Making friends in the day-ticket queue is such an excellent way to start a morning.
My friend Meg and I were in Manchester on Saturday, and decided to try for tickets to Maxine Peake playing Hamlet. We got to the Royal Exchange Theatre a little after 8am, where there were about 30 people in the queue for 34 pairs of tickets. The next people to join were a nurse who’d just come off the midnight shift, and a local man who comes to all the shows with his wife and queues so she doesn’t have to (we should all have such loved ones).
The nurse said she hoped there were tickets left for the evening performance, as today was her only chance to see the production but she wanted time to go home and nap first, since she’d been up for 28 hours, working a night shift, looking after her fussy child then working another night shift. She saw our expressions and reassured us, “Oh, that’s just being a nurse on the NHS, though!” (In TOTALLY UNRELATED news, on Monday NHS workers held a strike for a 1% pay raise, which for those of you keeping track at home is still below inflation, so still a pay cut, just marginally less of one.)
By 9:30am the queue had doubled, and a woman with a camera and a German(?) accent came up to me and said, “Excuse me, what are you all waiting for?”
“Oh – Hamlet!” I said. “Theatre tickets. There’s a Shakespeare play on and we’re hoping to get tickets.”
“Oh, a play!” she said.
When the box office opened and we got to the window, happily there were lots of tickets left for both shows, so Meg and I didn’t have to decide between Doing The Right Thing or Politely Fucking Over Nurse Should Have Got There On Time Don’t Give Me This ‘My Shift Ended At 8am, I Got Here As Fast As I Could’ Crap. We got two £10 seats for the matinee (front row!), said goodbye to our new friends and went off for a gorgeous breakfast at the Albert Square Chop House of grilled kippers and fried eggs on toast, and wonderfully strong builder’s tea, and after half an hour I even got some feeling back into my toes.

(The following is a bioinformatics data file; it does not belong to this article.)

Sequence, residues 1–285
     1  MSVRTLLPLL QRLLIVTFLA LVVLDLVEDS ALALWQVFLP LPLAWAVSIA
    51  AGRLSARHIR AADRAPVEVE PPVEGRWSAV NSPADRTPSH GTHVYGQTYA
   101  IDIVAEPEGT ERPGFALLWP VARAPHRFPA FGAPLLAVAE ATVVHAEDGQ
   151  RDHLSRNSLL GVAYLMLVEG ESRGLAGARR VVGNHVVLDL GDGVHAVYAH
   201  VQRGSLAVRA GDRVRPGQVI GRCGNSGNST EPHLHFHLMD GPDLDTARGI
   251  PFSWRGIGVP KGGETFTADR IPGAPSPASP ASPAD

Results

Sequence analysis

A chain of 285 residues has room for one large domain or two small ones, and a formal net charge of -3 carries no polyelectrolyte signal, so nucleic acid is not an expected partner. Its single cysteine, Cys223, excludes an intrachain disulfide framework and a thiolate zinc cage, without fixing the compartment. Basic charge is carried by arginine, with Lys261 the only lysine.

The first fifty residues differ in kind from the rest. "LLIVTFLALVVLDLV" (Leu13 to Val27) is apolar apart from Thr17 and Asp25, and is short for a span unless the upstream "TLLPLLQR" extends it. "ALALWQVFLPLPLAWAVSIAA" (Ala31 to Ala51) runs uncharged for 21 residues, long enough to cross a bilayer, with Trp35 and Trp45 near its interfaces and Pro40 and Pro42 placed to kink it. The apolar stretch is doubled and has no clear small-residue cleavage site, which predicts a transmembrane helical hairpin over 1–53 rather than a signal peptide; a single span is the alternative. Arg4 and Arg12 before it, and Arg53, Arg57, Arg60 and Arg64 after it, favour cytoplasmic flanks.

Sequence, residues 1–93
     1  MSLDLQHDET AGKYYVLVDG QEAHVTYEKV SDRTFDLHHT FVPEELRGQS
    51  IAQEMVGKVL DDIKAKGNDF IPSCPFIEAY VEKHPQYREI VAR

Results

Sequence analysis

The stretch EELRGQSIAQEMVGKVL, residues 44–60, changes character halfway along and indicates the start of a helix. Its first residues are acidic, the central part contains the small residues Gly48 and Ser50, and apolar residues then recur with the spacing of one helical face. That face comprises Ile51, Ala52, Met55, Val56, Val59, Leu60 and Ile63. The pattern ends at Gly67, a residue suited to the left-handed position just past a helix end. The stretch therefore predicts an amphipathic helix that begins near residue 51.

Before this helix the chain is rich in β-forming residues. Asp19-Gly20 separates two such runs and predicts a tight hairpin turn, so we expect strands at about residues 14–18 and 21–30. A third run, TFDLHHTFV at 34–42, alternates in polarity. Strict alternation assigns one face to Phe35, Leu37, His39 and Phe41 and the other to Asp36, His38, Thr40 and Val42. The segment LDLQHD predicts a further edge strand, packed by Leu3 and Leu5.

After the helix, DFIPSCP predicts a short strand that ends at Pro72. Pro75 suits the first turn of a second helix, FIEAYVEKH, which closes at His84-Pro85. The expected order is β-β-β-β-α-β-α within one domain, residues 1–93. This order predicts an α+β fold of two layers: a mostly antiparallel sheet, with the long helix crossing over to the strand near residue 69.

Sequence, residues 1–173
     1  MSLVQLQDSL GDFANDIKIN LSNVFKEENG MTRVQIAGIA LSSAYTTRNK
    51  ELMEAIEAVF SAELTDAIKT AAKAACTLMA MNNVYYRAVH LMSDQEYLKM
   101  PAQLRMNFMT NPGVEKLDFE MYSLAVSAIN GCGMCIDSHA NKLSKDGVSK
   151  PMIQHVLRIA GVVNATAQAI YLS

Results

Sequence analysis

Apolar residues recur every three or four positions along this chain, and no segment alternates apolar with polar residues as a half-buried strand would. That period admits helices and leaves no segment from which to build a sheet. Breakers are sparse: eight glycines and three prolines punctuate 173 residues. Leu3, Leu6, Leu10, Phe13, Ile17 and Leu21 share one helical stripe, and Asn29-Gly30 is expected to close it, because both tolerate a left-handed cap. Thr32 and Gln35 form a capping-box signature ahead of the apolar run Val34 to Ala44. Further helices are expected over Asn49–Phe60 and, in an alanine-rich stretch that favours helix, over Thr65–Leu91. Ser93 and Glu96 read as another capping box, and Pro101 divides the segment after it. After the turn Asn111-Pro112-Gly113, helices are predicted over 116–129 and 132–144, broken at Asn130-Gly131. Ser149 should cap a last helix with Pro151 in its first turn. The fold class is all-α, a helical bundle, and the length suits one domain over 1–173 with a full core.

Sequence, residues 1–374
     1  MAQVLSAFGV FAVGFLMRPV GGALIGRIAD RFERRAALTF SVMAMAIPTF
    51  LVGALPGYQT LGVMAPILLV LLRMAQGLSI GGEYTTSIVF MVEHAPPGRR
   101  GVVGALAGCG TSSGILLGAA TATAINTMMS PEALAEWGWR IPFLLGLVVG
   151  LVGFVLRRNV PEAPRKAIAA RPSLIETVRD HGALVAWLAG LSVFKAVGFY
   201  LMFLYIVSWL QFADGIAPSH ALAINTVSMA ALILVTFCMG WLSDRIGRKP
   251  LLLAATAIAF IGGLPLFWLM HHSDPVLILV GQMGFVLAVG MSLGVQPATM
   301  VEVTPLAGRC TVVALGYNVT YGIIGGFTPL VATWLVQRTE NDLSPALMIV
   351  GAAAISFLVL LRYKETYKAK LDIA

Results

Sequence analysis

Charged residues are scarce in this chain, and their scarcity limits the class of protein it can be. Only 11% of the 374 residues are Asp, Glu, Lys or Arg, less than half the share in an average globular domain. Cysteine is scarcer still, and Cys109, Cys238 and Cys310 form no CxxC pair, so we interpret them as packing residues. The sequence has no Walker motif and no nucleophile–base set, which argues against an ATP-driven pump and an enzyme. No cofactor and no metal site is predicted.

Even though there were a few small things that made me quietly go “oh no”, overall I walked away feeling like I’d just seen a brilliant production.
According to the programme and website, the text was taken from Michael Grandage’s production with Jude Law in 2009, which strikes me pretty shockingly lazy. I do actually like the edit, it zings up the play and moves To Be Etc. to a pleasingly surprising place. And it turns out the Royal Exchange did make its own changes. It totally cut out Fortinbras (including How All Occasions Etc.), which frees up a lot of room for the Elsinore conflicts to breathe, and probably did more cuts elsewhere.
But the text choices are such a huge part of the direction of any Shakespeare production that it seems bizarre to just pick an edit that makes substantial changes and change it a bit more, instead of developing the text as part of developing the whole show. Maybe a pre-existing edit was used to free up time and energy for other parts of the production, but why pick up a tool made to someone else’s measurements if you’re going to remake it anyway?
The audience entered to pieces of the set piled on a storage trolley – chairs stacked up, props boxes perched on top, promising an interesting start of deconstruction. But then ensemble members strode in, wheeled the trolley away, and wheeled on a set table laid with a nice white cloth, cutlery and wine glasses. What was the point of that? Otherwise the set design was strong: the Royal Exchange is in the round with no flats and just one curtain, so everything had to be taken on and off, or be there the whole time. For the gravediggers, a pile of jumble-sale clothes was dumped onto the stage, which they pushed away to form a ‘grave’ and in which Hamlet found a rolled-up woollen hat that had been Yorick’s. In a production that focused on people’s choices around self-presentation, I thought this was a really witty choice that was also a nice way to dodge the boringly iconic image of Hamlet + Skull.